END MILL SELECTION GUIDE
SELECTING SUITABLE CHARACTERISTICS OF YOUR CUTTING TOOL
The information on the following pages will help you to determine the proper tool for your specific application. Consider the material, application, and type of cut to identify the end mill you need. Note that the information provided is basic in nature and we can not account for your particular machine, setup or application and there are many variables to consider. If you have any questions please do not hesitate to contact us.
TOOL MATERIAL SELECTION
We use only the finest materials available to meet our customers demanding a range of applications. Our stock includes high-speed steel (M-2, M-4, M-7, M-42), powdered metal (PM M-4, PM M 48, PM T-15), & virgin carbide (sub-micron grain, ultra-fine) in varying concentrations.
High-speed steel tools are economical for general purposes and very versatile. Cobalt is ideal for more difficult to machine materials and has increase abrasion resistance. Powdered metals (PM) use a special manufacturing process and are operable under higher feed rates and produce longer tool life.
Carbides are classified by the grain size and concentration of tungsten to cobalt binder. As the grain size of tungsten carbide gets smaller, the material becomes denser, more rigid and more wear resistant. Using only sub-micro and ultra-fine carbide allows a higher performance and quality to be achieved. Smaller grains allow a sharper edge preparation and precision grinding down to the micron.
The choice of tool material depends on several factors:
• Feeds and speeds
• Rigidity needed
• Preferred chip evacuation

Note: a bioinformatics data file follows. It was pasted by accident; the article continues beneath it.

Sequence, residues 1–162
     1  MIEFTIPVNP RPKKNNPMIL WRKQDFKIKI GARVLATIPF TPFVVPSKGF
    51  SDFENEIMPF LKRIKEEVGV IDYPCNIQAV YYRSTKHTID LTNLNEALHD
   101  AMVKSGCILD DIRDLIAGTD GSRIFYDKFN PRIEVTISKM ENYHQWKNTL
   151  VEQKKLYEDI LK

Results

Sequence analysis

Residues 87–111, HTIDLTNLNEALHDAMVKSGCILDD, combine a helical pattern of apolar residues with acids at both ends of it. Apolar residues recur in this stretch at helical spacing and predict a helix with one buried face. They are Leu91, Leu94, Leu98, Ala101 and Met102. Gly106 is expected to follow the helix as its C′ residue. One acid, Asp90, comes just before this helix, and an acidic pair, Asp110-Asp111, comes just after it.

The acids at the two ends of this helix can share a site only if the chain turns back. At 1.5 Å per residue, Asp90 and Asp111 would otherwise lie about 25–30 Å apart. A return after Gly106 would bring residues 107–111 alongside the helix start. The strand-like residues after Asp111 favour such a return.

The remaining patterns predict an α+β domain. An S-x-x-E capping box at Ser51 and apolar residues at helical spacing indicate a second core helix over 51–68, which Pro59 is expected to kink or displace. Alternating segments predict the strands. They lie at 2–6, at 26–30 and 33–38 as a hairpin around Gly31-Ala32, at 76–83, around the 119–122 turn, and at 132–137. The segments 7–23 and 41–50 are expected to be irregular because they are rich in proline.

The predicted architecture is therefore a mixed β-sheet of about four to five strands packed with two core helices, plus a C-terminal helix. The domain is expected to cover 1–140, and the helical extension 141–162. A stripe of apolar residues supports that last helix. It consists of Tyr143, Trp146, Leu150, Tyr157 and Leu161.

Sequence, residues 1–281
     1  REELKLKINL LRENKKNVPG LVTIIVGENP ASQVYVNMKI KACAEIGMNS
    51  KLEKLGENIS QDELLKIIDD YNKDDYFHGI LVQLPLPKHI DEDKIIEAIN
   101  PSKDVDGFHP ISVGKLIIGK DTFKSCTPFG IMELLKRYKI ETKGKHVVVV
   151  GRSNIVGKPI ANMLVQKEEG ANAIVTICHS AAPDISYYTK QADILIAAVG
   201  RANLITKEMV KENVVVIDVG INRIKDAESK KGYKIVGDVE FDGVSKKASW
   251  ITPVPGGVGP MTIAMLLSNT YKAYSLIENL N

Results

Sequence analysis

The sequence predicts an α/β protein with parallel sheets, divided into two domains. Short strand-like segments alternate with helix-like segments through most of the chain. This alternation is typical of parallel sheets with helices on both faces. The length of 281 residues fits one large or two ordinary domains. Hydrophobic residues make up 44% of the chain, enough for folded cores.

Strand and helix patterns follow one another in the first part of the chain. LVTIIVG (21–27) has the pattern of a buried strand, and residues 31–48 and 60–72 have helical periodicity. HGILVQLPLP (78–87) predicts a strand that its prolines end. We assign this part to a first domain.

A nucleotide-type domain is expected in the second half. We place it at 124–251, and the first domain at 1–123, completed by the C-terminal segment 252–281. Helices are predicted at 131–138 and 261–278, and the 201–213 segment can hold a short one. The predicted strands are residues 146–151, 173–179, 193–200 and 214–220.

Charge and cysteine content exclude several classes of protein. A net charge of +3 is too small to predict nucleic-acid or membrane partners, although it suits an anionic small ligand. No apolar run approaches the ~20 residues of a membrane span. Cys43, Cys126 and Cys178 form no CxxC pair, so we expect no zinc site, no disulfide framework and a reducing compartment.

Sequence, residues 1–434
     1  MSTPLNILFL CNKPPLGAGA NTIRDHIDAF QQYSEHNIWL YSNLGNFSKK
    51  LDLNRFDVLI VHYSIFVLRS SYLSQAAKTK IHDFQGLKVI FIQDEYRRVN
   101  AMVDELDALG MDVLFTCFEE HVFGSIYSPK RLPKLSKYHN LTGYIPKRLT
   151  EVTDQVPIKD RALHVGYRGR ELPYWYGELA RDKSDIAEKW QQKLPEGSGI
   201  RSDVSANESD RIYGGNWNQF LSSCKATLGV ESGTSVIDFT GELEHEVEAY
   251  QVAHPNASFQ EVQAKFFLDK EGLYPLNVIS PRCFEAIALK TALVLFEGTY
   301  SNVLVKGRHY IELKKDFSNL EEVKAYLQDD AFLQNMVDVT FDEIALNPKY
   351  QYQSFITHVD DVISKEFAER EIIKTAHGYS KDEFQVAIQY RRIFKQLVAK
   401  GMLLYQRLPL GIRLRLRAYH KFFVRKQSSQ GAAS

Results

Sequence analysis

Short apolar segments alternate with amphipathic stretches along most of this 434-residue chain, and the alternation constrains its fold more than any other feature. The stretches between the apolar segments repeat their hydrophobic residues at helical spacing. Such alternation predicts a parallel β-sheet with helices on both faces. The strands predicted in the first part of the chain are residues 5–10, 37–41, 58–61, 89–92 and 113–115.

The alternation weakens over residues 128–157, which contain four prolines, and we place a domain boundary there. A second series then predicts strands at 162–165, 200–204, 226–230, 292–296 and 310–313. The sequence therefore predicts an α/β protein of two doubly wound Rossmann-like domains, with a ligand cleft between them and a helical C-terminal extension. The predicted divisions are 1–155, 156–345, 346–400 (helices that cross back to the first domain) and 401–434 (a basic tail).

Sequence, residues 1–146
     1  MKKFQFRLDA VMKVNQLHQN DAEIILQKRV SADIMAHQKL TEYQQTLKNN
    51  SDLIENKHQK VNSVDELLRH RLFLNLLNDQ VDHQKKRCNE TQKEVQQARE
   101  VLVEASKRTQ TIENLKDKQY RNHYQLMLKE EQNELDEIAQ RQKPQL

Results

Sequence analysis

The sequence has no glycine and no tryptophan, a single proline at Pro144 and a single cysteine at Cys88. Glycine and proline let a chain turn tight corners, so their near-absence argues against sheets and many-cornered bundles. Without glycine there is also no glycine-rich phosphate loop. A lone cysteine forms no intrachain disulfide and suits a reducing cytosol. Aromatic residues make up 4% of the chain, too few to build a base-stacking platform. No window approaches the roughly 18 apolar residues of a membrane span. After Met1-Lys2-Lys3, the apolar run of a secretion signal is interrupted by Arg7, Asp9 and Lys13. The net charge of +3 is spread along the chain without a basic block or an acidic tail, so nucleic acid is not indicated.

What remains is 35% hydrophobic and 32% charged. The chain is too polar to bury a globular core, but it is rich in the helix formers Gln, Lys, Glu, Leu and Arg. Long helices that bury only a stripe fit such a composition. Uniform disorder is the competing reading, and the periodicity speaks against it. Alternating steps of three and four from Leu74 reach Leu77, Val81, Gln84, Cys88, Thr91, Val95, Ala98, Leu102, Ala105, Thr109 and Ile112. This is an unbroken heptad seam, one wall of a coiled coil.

• Method of tool engagement
• Depth of cut
• Desired finish
• Helical angle
• Workpiece hardness
• Workpiece condition
• Number of workpieces
CONSIDER THE NUMBER OF FLUTES
To determine whether a two, three, four or greater flute end mill is needed, several factors need to be considered. Two and three flute end mills have better stock removal than multiple flute end mills but a significantly decreased finish. End mills with five or more flutes are ideal for finishing cuts and cuts in harder materials but must operate at lower material removal rates due to their poor chip evacuation properties. When running at similar rates, multiple flute end mills will take a lighter chip load per tooth, resulting in an improved finish and smoother machining. Consider the type of cut needed to be performed, the chip space required based on the cut and material, the production and metal removal rate needed and the desired surface finish when selecting.
FLUTE CONSTRUCTION AND CONFIGURATION
Higher helix angles produce higher chip evacuation, thus the capacity to increase speeds and feeds and decrease horsepower requirements. Tool deflection is transferred vertically versus horizontally which dampens vibrations and increases speeds and surface finish quality.
Traditionally, roughing operations or hard to machine materials benefit from the improved flute strength of a lower helix end mill. While using general purpose end mills, this may still hold true, however newer high-performance geometries take into consideration flute and core strength while adding the benefits of a higher helix. Immediate edge build-up can occur with lower helix end mills and create excessive chatter.
For an axial plunge cut, it is essential to use a center cutting tool. Two flute end mills are center cutting, where multi-flute end mills can vary. Multi-flute end mills create better surface finishes due to a lighter chip load – per flute. Sideloading is dramatically reduced with lower helix angles, making it easier to mill thin walls.
ROUGHING END MILLS
Roughing cuts are generally for preparing the surface before the finishing cut. The purpose is to bring the diameter of the hole to a “rough” size of the final cut. How this cut looks is of little importance. Roughing cuts also allow for mistakes. Roughing cuts may consist of several heavy cuts and the primary purpose is to clear material away, in anticipation of the finishing cut.
FINISHING END MILLS
A minimal amount of leftover material from the roughing cut is removed with the finishing cut, machining the work to size in addition to refining the surface of the workpiece.